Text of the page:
While Bath Iron Works officials and leaders of the shipyard’s drafters union met Wednesday with a federal mediator in continuing efforts to negotiate a new four-year contract, union leaders told members Thursday morning that strike assistance personnel from the United Auto Workers and the Maine AFL-CIO were helping to prepare the local 3999 for a potential strike.

“We anticipate having UAW strike assistance personnel on site this evening and will be reaching out to those members who volunteered to assist in the event of a strike to begin more focused planning,” the local union posted on Facebook Thursday morning.

Members of the Bath Marine Draftsmen’s Association, Local 3999 of the International Union of United Automobile Workers, voted “overwhelmingly” on Sunday against the company’s “last, best and final offer,” and said they would prepare for a strike should continuing negotiations this week not succeed, according to union officials.

On Monday, the union, which represents about 700 of BIW’s approximately 6,000 employees, issued a statement on its Facebook page announcing that both parties had agreed to a one-week contract extension, with the company agreeing not to engage in a lockout before Sunday and the union agreeing not to strike before that date.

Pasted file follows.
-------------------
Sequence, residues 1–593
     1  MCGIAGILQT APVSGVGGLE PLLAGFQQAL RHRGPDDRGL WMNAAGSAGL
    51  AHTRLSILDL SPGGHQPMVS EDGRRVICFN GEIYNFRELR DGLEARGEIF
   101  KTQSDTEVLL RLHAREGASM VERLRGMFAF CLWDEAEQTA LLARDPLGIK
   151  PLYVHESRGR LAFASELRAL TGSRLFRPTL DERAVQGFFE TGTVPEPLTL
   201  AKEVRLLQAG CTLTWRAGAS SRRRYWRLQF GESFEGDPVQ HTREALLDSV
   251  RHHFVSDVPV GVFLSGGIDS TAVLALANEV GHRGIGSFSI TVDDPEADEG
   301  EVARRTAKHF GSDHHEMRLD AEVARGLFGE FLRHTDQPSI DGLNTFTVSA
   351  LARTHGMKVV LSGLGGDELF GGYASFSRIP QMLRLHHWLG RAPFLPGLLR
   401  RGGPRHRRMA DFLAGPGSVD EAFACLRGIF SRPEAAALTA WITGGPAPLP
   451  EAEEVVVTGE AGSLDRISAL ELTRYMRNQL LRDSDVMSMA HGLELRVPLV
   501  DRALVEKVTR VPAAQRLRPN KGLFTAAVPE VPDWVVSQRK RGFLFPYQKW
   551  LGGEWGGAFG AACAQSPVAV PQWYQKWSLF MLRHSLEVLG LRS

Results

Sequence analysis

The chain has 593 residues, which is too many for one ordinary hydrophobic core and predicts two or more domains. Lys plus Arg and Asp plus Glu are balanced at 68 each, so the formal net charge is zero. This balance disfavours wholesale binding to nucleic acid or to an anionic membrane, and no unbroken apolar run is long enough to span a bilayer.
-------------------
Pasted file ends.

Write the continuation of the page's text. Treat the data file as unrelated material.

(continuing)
According to the contract extension agreement, signed by union and company officials, the existing collective bargaining agreement was signed Sept. 16, 2013, and expired Sept. 17, 2017. The extension expires at 12:01 a.m. Sunday.

The proposed contract would expire March 20, 2022, according to official documents.

A key issue is BIW’s proposal to eliminate most of the flexible schedule benefit, which union leaders say has benefitted members, Trent Velella, vice president of the union, said in a release Tuesday.

In a release Tuesday, the BMDA accused the company of engaging in “unfair labor practices.” Subsequent calls to union leadership have not been returned.

In December 2015, the largest union at Bath Iron Works — Local S6 of the machinists union — voted to accept a four-year contract that did not include pay raises but did offer annual bonuses.

On Monday, Lisa Read, a spokeswoman for General Dynamics, which owns Bath Iron Works, would only say that the company continues to negotiate with the union. Read said Tuesday that the company had no comment. She did not immediately respond to a request for comment on Thursday.